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This statement may come as a surprise to you, but you have been teaching your child to read since shortly after birth! The very first time you read your baby Goodnight Moon, pointed to a stop sign while out walking with your toddler, or hugged your preschooler who just presented you with a loving note that only he could decipher, you were setting the stage for later formal instruction. Phonics, the connection between sounds and written letters, is not the starting point; it is part of the natural progression toward becoming a reader and writer.

So how do you know whether your child is ready to take the step into phonics instruction? Following is a checklist of skills that build the foundation. Even if your child hasn’t mastered every early step, she may still be ready for that phonics program sitting on your shelf. Keep these preliminary skills in mind as you go, filling in gaps and staying in tune to your child’s successes and signs of frustration. Know when to slow down to strengthen the foundation.

Print Awareness

  • Holds a book right-side up while looking at it
  • Follows pictures or print from left to right, top to bottom
  • Turns pages from front to back of book
  • Identifies a book’s title on the front cover
  • Brings a book to you and asks you to read it
  • Points to text or symbols and asks what it says
  • “Reads” a familiar book from memory while flipping through the pages
  • Understands that recipes, maps, notes, lists, menus, etc., provide instructions or needed information
  • Pretends to write by scribbling or making marks on paper

Phonological Awareness

  • Identifies two words in a compound word
  • Counts or claps syllables
  • Recognizes rhyme
  • Produces rhyme
  • Identifies initial and final phonemes in words (e.g., “What sound do you hear at the end of dog?”)
  • Creates a new word by changing the first or last phoneme (e.g., “Change the first sound in tap to ‘mmm.'”)
  • Blends phonemes to create words (e.g., combines sounds c-a-t to form cat)
  • Breaks simple words into separate phonemes (e.g., divides top into the sounds t-o-p)

Alphabet Knowledge

  • Knows the order of the alphabet (e.g., the ABC song)
  • Identifies letters when named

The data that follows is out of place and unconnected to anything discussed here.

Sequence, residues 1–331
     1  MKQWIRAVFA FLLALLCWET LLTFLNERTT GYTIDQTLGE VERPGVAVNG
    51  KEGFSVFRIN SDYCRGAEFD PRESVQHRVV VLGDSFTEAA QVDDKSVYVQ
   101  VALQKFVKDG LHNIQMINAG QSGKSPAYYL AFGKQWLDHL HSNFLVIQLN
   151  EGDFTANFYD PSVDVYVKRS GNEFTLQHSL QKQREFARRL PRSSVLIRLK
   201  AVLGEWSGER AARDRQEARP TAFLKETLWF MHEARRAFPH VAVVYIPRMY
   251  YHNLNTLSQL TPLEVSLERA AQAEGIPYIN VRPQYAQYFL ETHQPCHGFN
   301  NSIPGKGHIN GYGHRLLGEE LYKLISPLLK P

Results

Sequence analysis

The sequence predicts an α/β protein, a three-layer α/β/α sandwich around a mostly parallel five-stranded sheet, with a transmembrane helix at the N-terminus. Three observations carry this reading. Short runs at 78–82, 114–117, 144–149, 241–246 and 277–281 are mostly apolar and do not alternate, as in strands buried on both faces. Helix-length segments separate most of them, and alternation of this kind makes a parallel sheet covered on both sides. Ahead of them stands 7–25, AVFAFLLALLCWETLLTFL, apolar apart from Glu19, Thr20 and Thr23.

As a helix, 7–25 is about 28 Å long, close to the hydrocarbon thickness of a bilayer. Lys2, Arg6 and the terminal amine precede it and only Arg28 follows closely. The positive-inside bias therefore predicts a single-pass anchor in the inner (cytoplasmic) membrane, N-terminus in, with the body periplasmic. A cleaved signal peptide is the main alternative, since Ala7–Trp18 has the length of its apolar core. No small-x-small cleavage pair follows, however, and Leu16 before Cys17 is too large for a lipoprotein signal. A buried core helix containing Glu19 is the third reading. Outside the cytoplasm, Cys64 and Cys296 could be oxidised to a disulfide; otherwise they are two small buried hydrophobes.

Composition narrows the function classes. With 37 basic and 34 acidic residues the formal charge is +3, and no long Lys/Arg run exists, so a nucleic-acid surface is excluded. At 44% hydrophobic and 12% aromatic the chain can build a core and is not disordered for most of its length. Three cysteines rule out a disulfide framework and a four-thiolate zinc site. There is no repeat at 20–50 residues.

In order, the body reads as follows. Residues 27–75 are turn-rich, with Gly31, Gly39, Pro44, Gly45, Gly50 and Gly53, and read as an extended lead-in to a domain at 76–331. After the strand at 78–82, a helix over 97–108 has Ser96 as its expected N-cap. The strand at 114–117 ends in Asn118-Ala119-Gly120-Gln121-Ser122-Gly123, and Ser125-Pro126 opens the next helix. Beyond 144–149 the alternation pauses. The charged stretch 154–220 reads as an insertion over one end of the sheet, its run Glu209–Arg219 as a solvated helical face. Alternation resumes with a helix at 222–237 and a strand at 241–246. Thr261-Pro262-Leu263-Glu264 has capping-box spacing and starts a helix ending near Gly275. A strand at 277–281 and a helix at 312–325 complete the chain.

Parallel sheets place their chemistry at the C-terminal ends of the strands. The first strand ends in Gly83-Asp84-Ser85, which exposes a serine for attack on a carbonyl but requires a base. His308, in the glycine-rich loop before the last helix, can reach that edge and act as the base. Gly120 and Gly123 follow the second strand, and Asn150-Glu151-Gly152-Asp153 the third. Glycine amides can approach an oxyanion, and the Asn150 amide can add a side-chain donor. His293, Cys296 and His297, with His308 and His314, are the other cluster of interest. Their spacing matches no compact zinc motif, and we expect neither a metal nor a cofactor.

• Recognizes upper and lower case letters
  • Names letters
  • Understands that letters are combined to form words
  • Associates at least a few letters with their sounds

Many of these steps can be modeled while reading your young child’s favorite books to him. Besides providing wonderful snuggle time, shared reading is perhaps the most significant activity a parent can do to foster literacy and language development. Researchers at The Ohio State University Crane Center for Early Childhood Research and Policy estimate that children who were read one book daily have heard 290,000 more words by age 5 than children who were never read to. For those youngsters who hear five books a day, the gap increases to more than one million words.

Many books for young children are developed around rhyme, word play, or connections between letters and words. Both fiction and nonfiction books present more complex and varied vocabulary than typical conversation in the home. In addition, adults often add comments about the illustrations or text that can expand the interaction. And reading together provides a focused time of attention and emotional bonding with your children. All of these factors contribute to a child’s readiness for reading and academic success.

Is your child ready to read? Building a literacy-rich environment and preparing the foundation will help your child succeed in phonics instruction.

Copyright 2022, The Old Schoolhouse®. Used with permission. All rights reserved by the Author. Originally appeared in the Spring 2022 issue of The Old Schoolhouse® Magazine, the trade publication for homeschool moms.

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Leigh Ann Morrison is a licensed speech-language pathologist in Ohio. She also completes homeschool portfolio assessments and mentors homeschool parents. Leigh and her husband, Chris, have three children, homeschooled since birth.